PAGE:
In a breakthrough development, a robot carried out laparoscopic surgery on the soft tissue of a pig without assistance from a human hand. This is a significant step in robotics toward fully automated surgical procedures on humans.
The Smart Tissue Autonomous Robot (STAR) designed by a team of researchers at Johns Hopkins University is described in Science Robotics.
The findings demonstrate that one of the most detailed and fragile tasks in surgery of reconnection of two ends of an intestine can be automated. This was established with carrying out the procedure on four animals that produced significantly better results than obtained if humans performed the same procedure.
The robot displayed excellent results for intestinal anastomosis, wherein the procedure requires a high level of repetitive motion and accuracy. Meanwhile, connecting both ends of an intestine is unarguably the most challenging part in gastrointestinal procedure that requires surgeon to stitch with consistency and high accuracy.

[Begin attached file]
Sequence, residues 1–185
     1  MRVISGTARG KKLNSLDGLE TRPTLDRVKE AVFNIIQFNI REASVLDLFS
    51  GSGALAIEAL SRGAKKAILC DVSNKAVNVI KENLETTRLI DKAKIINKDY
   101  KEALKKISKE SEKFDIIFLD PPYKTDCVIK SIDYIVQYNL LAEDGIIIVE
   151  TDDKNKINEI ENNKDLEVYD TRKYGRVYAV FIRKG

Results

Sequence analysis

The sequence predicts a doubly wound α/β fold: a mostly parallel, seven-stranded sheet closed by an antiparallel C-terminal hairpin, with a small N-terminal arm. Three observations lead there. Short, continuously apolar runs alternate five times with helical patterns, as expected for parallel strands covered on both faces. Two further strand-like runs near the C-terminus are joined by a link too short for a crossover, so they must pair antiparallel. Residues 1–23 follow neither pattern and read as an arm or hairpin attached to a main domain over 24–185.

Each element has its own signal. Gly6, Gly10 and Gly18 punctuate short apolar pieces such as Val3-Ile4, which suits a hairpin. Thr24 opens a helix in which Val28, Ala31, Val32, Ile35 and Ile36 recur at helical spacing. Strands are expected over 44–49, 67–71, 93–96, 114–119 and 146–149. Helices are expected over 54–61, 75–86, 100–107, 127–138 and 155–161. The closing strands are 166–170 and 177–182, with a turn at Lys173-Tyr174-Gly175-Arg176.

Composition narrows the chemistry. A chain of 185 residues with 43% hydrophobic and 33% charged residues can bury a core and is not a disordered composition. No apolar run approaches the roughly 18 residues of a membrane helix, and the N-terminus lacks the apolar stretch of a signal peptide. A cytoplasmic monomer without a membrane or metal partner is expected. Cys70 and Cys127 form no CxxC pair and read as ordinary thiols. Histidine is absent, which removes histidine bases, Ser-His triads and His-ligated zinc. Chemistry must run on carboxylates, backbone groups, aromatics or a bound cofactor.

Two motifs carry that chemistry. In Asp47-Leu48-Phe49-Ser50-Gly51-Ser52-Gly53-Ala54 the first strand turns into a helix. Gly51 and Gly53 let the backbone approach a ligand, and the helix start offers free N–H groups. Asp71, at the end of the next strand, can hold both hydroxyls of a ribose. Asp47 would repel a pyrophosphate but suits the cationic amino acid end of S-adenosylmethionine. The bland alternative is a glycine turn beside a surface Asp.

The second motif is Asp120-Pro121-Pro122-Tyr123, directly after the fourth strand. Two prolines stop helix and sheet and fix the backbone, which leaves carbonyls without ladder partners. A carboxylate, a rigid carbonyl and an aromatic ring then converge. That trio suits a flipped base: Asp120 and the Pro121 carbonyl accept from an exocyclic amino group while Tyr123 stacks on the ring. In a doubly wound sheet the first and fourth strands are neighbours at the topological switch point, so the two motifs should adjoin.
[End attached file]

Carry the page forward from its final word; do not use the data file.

The slightest imbalance of the hand or misplaced stitch can result into leak that could lead to disastrous complications for patients.
The creation of STAR is a joint effort of collaborators at Children’s National Hospital, Washington D.C., a professor of electrical and computer engineering at John Hopkins, along with an associate of mechanical engineering at Whiting School of Engineering, John Hopkins who led the research.
The current version of the robot is an advancement to a 2016 model that fixed the intestines of a pig accurately, but required large incision to access the intestine and required more human assistance.
Enhance autonomy and improved surgical precision, along with specialized suturing tools and state-of-the-art imaging systems for more precise visualization of surgical fields are the new features the team equipped STAR with.